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Freshman rules poster Freshman rules poster
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Poster courtesy Alumni Association

'Those Rah- Rah

By Mylinda Woodward '97

"Blatherskites, puerile billikens, thou green-appearing thinglets who blemish the beauties of the campus: Know that we, the Class of 1928, are the exalted and beneficent benefactors of you dumb freshmen."

That was the opening text for the Freshman Rules poster produced by the sophomore class at UNH in the fall of 1925. It was a campus tradition for sophomores to make up rules for freshmen to follow. Theoretically, the rules were intended to familiarize incoming students with the customs of the university and to promote a sense of school spirit.

Many of the rules were consistent from year to year: show respect for the faculty and upperclassmen, bury your prep school insignia, wear your freshman beanie, learn the college cheers and songs. Others were more whimsical. At various times, freshmen were forbidden to carry a cane, wear a "stiff hat," go bareheaded on Main Street or turn up the cuffs on their trousers.

The rules were traditionally posted on the night before the first day of classes. The sophomores would hang the posters on poles and trees along Main Street. Unless the freshmen could get past the vigilant sophomores to remove all the posters by 7 a.m., the rules had to be obeyed.

The earliest of these rivalries was the cane rush, described as a "mingled pile of animated legs, arms, heads, and howls with a three-foot cane as its centre."

The annual "poster fight" was only one of the traditional competitions between freshmen and sophomores. The earliest of these rivalries was the cane rush, described in the 1898 New Hampshire College Monthly as a "mingled pile of animated legs, arms, heads, and howls with a three-foot cane as its centre." The object was to see which class would have the most hands on the cane after 10 minutes of combat.

Women got into the scrimmage in a "picture fight." The fights grew out of the efforts of each class to have everyone on hand for the class banquet or the class photograph. The freshmen and sophomores would try to prevent members of the other class from showing up at those events.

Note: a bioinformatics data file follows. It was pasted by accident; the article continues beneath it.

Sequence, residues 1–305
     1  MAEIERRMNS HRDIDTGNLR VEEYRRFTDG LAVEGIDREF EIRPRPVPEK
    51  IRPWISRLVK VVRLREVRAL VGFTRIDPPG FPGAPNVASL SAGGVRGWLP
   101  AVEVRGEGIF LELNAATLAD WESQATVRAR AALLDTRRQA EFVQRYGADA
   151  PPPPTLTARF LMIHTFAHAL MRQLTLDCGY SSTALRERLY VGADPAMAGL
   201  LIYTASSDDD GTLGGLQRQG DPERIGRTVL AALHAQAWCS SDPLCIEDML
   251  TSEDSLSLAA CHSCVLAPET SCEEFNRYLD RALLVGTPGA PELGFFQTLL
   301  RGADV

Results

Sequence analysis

A Boston Globe article about the 1904 picture fight reported: "Car windows were smashed in the frantic efforts of the Sophs to capture the Freshmen and keep them from leaving the train. Out of the train they all got, however, and the liveliest kind of scrimmage was begun in the square in front of the station."

It was rough, and it got rougher as classes got larger. In 1910, the rules for the cane rush had to be changed to limit the contest to 20 men from each class. In 1911, a picture fight on the occasion of the sophomore class banquet brought the college to a standstill for almost a week. The following year, the Student Council abolished both the cane rush and picture fights, and by 1933 all class competitions with the word "fight" in the title had been abolished.

However, Freshman Rules remained, and so did the most enduring tradition of all, the freshman beanie. The first beanie, a "substantial blue cap with a white button," was introduced in 1909, although at that time it was called a "skimmer." Although the handbook said, "Everyone in '13 is expected to buy one and wear it," the women received a green hair ribbon instead. Freshmen were usually required to wear the beanie and follow the Freshman Rules until Thanksgiving or the first football victory.

Freshman initiations and rivalries between the classes were largely forgotten during World War II and for several years after. But by the end of the 1940s, students began to yearn for the kind of college traditions their parents had enjoyed. An editorial in The New Hampshire in 1949 implored: "Bring back the freshman beanie! Bring back those rah-rah customs that make college life something more than a diploma grind."

Freshman rules and beanies did return for another 20 years before the campus environment changed again. The 1969-70 academic year brought the end of curfews for women, the first coed dorms and, in the spring, the student strike protesting U.S. involvement in Vietnam. The student handbook published the following fall was the last to list beanies as a requirement. (See correction footnote*)

But in a way, the beanie is still with us. After all, what's a baseball cap worn backwards, if not a beanie with a bustle? ~

Mylinda Woodward '97 is the university's assistant archivist.

* Correction note: Because of an editing error, an earlier version of this article incorrectly stated the last year when beanies were listed as a requirement and the academic year when curfews were lifted, coed dorms were instituted and the student strike took place.

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